GBIG is a global innovation platform for exploring and comparing the green dimensions of the built environment. GBIG is the premier search engine for green building data, providing insights that enable better buildings and communities.
GBIG is brought to you by the U.S. Green Building Council (USGBC), champions of the green building movement, and the creators of LEED.
Who should use GBIG?
Anyone interested in green building. GBIG provides tools that allow project teams, portfolio managers, investors, product manufacturers, researchers – and the general public – to discover green buildings around the world, generate insights and accelerate market transformation.
How is GBIG organized?
GBIG is organized around activities (projects at or within a building), buildings, places, strategies and collections. Users can navigate the site through these main areas, browse featured content, or simply enter keywords into the search.
What are GBIG Places?
GBIG Places provide an overview of green building activity for a specific location. Place pages allow users to discover and compare cities, states, congressional districts, and countries along key indicators.
What is an activity?
An activity is any event representing green building design and construction, facilities management, performance measurement, benchmarking or disclosure of data, achievement of an award or certification. Activities include commercial interior build-outs, retrofits of existing buildings, new green construction, engagement in an ongoing performance monitoring program, and other tangible actions and commitments to sustainability.
Can there be multiple activities in a single building?
Yes! Many commercial office buildings have multiple LEED-certified interior spaces, along with whole building certifications and awards. Occasionally projects will recertify through LEED, so there may be multiple LEED certifications on the same building over time. The sequence of green building activities that have taken place at a site or address can be viewed in the Timeline feature found on Building pages.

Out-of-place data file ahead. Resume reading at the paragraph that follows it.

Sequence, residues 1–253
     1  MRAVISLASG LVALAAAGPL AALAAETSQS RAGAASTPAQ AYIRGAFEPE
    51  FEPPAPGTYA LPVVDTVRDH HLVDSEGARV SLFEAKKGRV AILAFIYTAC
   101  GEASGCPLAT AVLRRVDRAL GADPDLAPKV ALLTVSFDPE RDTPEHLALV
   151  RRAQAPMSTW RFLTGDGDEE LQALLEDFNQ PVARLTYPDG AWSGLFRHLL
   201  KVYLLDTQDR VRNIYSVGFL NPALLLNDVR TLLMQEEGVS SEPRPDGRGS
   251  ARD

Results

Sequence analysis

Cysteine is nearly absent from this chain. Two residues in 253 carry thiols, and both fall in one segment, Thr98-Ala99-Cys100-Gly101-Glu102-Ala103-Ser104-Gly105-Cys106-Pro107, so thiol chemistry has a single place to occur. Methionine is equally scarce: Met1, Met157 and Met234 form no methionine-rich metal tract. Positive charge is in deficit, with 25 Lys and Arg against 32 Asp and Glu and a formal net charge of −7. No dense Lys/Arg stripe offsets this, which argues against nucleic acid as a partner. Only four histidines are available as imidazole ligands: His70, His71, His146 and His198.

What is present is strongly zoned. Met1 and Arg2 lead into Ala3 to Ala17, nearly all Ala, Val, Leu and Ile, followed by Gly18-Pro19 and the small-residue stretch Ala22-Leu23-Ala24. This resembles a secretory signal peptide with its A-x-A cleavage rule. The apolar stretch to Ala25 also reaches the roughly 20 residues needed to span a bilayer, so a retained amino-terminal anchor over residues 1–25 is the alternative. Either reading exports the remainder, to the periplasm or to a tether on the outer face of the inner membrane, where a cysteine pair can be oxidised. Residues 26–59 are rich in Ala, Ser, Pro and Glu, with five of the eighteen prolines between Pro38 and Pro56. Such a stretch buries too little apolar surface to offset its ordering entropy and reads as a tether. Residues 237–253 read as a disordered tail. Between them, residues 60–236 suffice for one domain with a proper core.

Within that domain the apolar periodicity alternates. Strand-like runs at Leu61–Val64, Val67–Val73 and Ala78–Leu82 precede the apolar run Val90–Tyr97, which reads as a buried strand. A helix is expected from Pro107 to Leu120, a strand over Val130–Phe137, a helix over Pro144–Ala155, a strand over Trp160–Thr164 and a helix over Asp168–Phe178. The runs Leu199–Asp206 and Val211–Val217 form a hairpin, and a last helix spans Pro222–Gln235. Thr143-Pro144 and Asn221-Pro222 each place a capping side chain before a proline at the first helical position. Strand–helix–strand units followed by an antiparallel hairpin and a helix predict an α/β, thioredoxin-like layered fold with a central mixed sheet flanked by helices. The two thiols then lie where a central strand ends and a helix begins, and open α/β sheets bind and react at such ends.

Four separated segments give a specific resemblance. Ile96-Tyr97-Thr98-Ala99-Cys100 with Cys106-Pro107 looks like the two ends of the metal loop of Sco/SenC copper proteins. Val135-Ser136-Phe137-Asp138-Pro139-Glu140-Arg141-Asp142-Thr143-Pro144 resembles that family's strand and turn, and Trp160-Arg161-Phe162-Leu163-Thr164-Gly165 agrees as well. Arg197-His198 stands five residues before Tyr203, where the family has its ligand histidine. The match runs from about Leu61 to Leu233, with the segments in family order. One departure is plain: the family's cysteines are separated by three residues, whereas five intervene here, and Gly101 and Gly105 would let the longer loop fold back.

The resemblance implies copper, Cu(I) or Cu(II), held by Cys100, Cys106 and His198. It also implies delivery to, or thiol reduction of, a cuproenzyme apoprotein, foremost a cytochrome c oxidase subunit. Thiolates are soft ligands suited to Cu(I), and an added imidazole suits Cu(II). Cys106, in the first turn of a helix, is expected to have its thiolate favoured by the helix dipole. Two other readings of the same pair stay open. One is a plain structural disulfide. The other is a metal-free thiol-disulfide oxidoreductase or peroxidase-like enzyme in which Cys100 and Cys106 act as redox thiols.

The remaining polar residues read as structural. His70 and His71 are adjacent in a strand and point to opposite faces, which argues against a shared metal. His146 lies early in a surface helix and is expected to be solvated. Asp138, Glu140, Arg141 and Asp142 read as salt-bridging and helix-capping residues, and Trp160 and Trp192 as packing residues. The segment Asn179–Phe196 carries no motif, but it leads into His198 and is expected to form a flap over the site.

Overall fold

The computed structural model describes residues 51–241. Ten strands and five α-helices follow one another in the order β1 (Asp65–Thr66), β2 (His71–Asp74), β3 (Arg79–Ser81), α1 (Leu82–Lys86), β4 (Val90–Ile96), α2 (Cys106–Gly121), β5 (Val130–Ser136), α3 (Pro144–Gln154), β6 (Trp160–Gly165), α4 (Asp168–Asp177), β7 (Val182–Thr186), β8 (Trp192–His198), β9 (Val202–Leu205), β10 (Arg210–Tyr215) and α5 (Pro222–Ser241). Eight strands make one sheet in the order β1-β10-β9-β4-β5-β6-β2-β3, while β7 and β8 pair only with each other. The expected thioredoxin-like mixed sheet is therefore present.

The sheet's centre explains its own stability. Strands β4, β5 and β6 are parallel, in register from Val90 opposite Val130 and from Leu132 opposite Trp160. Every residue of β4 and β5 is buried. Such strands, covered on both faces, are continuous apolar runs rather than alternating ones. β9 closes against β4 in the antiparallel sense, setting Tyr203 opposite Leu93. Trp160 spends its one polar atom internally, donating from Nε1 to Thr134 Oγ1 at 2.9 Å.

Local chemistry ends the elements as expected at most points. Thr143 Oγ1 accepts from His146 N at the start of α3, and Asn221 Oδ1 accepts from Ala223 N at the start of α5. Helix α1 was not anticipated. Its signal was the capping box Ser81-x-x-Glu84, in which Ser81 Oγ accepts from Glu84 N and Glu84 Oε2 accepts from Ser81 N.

Why can't I find my LEED Certified project in GBIG?
There are a number of possible reasons you may not be able to find your LEED project in GBIG. Confidential projects are not displayed in GBIG, although they are counted and represented in aggregate numbers for places. Also, data is frequently updated in GBIG and there may be a lag between the time when a project certifies and when it appears in GBIG.
The name or address of my LEED project is incorrect. How can I fix this?
Click on the "Fix this location" link at the top of the project page to enter corrections.
Can I add new or edit existing projects?
Not yet, but we're planning to build features for GBIG that will enable users to submit their own content and upload photos.
How are featured buildings or activities chosen?
Featured content is selected by the GBIG team of researchers and analysts. If you know of a building we should consider featuring, please let us know.
How can a LEED project achieve more than the maximum number of points for a credit or credit category?